Abstract and Keywords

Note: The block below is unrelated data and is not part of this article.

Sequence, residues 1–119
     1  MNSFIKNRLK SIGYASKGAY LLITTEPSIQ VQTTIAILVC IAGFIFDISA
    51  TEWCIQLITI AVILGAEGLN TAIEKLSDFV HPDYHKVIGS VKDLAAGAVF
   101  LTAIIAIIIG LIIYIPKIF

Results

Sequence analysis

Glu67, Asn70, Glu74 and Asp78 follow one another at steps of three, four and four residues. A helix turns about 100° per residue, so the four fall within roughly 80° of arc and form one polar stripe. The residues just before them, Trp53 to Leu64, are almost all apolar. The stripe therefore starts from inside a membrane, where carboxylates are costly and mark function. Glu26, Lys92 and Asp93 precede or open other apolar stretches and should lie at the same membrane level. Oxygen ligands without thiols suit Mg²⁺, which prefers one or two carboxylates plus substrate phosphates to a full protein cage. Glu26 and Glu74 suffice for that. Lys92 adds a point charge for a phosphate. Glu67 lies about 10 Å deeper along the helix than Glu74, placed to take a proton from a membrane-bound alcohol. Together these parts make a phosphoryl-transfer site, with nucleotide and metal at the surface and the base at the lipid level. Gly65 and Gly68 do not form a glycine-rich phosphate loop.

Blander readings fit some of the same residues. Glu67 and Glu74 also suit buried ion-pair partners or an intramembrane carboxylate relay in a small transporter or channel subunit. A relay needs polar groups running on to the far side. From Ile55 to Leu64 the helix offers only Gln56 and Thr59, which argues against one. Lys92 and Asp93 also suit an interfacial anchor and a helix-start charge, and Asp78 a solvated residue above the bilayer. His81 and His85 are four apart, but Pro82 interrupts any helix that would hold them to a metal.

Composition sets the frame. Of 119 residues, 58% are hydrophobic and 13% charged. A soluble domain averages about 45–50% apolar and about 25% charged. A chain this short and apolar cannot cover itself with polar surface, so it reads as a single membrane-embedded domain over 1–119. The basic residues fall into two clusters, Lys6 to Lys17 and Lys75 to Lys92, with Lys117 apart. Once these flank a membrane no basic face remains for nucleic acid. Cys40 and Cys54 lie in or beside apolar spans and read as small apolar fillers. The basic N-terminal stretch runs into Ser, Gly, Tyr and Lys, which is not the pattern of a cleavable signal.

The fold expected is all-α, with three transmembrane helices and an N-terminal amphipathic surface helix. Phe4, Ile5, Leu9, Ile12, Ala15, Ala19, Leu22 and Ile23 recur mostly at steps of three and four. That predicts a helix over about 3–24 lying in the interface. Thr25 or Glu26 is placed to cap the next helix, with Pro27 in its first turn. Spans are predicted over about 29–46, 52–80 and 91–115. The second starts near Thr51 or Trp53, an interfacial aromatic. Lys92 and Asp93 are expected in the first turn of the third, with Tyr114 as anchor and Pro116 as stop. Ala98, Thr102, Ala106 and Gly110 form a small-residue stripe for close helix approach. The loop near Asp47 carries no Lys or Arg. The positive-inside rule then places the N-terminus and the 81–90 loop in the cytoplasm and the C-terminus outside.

The article demonstrates many aspects of grammar that can be derived from domain-general cognitive processes, especially those of neuromotor automation, chunking, categorization, inference-making, and cross-modal association. Construction grammar posits a direct connection between the conventionalized constructions of a language and their meanings. All constructions have some specific lexical or grammatical material in them. Construction grammar emphasizes the interaction of the lexicon with the syntax. The domain-general processes involved in construction formation and use are sequential processing and categorization. Sequential processing or chunking is the process by which repeated sequences of experience (words or other events) come to be grouped together in memory as units that can be accessed directly. Categorization is necessary to the cognitive representations of constructions in several ways. First, categorization is necessary for the recognition that an element or sequence is the same as one previously experienced. Second, categorization is used to develop the schematic slots of constructions. Constructions are created through the repetition and thus conventionalization of useful sequences of elements and their meanings arise from associations with the context and implications that are present. The most pervasive process by which new constructions are created is grammaticalization, in which a new construction is created along with a new grammatical morpheme and the latter evolves from a lexical morpheme or combinations of grammatical and lexical morphemes.
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